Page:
Kirkland Alert

Ways and Means Committee Approves Tax Plan that Poses Significant Effects for Future Wealth Transfers

A new tax plan released two weeks ago by the House Ways and Means Committee proposes legislative changes that, if enacted, could significantly affect future wealth transfers as early as the date of enactment of any resulting legislation.

A brief summary of the more relevant changes, as proposed, is below:

  • Reduction of Estate, Gift and Generation-Skipping Transfer Tax Exemptions. Reduction in available gift, estate and generation-skipping transfer tax exemptions from the current $11,700,000 to a $5,000,000, inflation adjusted amount (approximately $6,000,000). This reduction would apply to post-December 31, 2021 transfers.
  • Treatment of Grantor Trusts.

    First, the proposed new Section 2901 introduces three changes:
    • Assets in “grantor trusts” would be included in the grantor’s estate at death. 
    • Distributions from grantor trusts during the grantor’s lifetime are treated as a taxable gift (subject to adjustments for prior gifts).  
    • Conversion of a grantor trust to a non-grantor trust during the grantor’s lifetime is treated as a taxable gift (subject to adjustments for prior gifts).

    Second, proposed new Section 1062 treats a sale between a grantor and his grantor trust as a taxable sale. This eliminates the possibility for income tax free sales.

    The proposal from the Ways and Means Committee says these new provisions would only apply to trusts created on or after the date of enactment and any portion of a “pre-enactment” trust attributable to a contribution on or after the date of enactment. However, we have been told that they are revising the new Section 1062 so that it would apply to pre-enactment trusts as well.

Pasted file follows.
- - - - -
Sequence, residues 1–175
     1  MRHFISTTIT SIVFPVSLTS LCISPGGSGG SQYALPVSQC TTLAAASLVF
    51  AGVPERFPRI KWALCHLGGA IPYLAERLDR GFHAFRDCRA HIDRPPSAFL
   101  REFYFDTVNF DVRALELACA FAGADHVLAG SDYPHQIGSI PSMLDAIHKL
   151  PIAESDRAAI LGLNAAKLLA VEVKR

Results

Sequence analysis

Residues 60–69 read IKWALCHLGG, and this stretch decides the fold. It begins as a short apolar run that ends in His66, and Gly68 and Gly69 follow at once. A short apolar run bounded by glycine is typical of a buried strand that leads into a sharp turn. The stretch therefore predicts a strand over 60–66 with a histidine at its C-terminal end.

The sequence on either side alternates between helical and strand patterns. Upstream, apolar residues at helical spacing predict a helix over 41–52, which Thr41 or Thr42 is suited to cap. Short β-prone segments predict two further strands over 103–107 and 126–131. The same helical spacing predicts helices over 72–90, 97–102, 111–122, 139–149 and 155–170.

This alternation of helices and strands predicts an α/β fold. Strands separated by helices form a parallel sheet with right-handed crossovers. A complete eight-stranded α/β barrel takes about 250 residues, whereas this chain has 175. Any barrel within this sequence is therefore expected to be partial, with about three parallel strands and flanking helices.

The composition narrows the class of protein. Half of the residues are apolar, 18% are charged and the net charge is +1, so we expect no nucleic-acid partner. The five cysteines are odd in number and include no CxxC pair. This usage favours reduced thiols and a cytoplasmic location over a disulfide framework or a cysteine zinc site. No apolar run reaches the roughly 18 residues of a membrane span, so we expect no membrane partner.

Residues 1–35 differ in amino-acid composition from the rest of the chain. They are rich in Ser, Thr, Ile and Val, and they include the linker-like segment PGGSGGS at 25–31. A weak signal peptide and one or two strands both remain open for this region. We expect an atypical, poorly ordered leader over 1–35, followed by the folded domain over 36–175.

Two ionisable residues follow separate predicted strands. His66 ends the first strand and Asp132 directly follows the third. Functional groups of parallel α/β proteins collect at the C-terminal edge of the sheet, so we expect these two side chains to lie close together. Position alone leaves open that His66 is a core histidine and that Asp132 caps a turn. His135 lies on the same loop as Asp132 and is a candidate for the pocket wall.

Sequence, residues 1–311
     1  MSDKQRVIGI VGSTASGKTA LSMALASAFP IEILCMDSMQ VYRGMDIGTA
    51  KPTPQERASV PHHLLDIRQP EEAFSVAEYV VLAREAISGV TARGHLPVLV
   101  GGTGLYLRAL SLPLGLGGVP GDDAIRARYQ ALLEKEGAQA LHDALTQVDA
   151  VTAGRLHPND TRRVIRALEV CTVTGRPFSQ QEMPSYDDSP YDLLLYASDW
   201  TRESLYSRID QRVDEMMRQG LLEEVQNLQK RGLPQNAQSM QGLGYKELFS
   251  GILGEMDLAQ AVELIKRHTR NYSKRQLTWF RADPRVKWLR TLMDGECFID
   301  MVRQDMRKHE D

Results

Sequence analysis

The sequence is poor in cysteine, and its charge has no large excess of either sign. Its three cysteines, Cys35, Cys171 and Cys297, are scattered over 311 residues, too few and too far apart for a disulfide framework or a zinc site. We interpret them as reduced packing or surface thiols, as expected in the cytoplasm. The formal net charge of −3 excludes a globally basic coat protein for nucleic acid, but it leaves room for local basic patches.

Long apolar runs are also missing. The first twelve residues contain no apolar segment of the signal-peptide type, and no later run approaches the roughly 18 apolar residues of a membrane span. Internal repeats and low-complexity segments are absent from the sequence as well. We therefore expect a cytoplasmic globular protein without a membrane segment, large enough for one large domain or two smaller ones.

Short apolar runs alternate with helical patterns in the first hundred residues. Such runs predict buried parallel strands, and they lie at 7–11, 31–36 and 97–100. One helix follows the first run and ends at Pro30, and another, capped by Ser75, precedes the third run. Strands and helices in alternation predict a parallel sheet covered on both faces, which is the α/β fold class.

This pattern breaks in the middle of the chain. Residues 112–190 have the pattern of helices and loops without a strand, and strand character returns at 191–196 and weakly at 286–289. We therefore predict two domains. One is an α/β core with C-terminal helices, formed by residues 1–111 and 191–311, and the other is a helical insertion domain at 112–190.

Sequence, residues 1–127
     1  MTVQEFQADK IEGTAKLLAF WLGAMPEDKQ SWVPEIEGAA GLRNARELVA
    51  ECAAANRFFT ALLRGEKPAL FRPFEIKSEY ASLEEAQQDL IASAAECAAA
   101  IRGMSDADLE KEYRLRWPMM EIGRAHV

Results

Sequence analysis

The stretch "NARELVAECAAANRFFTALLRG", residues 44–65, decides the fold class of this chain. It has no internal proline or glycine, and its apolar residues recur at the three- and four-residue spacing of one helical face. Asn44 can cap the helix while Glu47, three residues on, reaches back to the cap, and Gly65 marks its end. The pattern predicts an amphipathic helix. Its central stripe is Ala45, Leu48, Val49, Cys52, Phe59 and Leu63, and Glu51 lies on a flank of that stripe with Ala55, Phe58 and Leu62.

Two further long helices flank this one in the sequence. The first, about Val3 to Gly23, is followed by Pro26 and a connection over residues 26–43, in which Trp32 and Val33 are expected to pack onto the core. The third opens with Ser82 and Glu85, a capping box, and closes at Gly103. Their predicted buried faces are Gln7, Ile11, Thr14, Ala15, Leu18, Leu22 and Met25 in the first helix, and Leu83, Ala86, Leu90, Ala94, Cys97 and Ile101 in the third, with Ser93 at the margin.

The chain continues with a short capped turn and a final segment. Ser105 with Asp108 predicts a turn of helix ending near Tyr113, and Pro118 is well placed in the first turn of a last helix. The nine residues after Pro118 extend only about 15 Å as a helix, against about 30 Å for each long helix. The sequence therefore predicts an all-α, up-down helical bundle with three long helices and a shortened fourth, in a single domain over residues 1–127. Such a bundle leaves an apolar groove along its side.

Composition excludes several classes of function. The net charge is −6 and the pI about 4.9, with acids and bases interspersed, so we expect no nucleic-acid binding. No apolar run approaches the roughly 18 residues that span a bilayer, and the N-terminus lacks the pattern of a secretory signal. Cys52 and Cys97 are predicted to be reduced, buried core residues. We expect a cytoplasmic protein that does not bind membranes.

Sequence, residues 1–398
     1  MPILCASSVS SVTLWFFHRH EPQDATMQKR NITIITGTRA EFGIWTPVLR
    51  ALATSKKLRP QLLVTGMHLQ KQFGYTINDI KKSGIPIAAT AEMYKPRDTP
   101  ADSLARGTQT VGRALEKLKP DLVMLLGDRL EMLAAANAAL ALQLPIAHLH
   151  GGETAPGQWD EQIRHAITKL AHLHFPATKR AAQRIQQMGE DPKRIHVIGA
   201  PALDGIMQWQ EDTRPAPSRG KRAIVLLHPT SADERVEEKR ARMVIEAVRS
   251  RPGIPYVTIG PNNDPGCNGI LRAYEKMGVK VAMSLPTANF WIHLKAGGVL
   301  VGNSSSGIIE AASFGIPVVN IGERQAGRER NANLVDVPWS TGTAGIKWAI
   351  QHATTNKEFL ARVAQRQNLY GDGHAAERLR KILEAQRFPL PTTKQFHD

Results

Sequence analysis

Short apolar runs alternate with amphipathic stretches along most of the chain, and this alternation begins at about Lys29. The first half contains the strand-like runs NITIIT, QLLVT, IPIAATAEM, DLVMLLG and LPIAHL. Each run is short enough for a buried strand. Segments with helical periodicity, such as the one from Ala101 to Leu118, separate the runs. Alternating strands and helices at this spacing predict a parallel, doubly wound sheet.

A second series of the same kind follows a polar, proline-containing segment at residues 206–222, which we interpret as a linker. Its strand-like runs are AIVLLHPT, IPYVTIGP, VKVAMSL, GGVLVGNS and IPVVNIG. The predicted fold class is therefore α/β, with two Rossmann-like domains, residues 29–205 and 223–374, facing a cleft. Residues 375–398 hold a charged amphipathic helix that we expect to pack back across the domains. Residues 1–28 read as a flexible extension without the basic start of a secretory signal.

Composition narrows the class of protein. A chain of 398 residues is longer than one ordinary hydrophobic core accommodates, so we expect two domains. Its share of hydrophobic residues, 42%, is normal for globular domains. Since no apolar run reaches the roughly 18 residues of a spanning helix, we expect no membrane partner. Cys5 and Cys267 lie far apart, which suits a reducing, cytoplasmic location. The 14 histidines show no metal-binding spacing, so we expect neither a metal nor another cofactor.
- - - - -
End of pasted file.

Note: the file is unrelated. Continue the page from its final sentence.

• Entity Level Valuation Discounts Disallowed. Entity level valuation discounts would be disallowed for “nonbusiness assets.” These provisions would apply to transfers after the date of enactment.

The legislation is under markup, and much could change before enactment, if anything actually is passed into law. However, given the effective date of certain of these provisions, there is a premium for clients who are able and willing to act now to do so before enactment.

Clients may wish to consider at least the following five actions in advance of any enactment of legislation over the next weeks:

  1. Use remaining gift tax exemptions. Make gifts to new or existing grantor trusts before the exemptions are lowered, and before the treatment of gifts to grantor trusts is changed.
  2. Fund existing life insurance trusts. If not otherwise sufficiently capitalized, make gifts to existing life insurance trust to fund all future premium payments.
  3. Gift/Sell assets to a grantor trust that still qualify (under current law) for valuation discounts, e.g., interests in family partnership and LLCs.
  4. Swap low basis assets currently held in certain existing trusts for high basis assets, especially in the case of late term grantor retained annuity trusts, or GRATs.
  5. Pre-paying promissory notes owed by existing trusts.   

Under current law, any of the trusts described in (1) through (3) could include the client’s spouse as a permitted beneficiary. Planning with new trusts that include the spouse as a permitted beneficiary after the date of enactment may be more challenging if the proposed legislation is enacted in its current form. Therefore, clients wishing to complete planning that includes a spouse as a beneficiary should consider acting in advance of enactment of any legislation.

If you wish to discuss taking any of these steps (or others) in light of the proposed legislation, please contact us.

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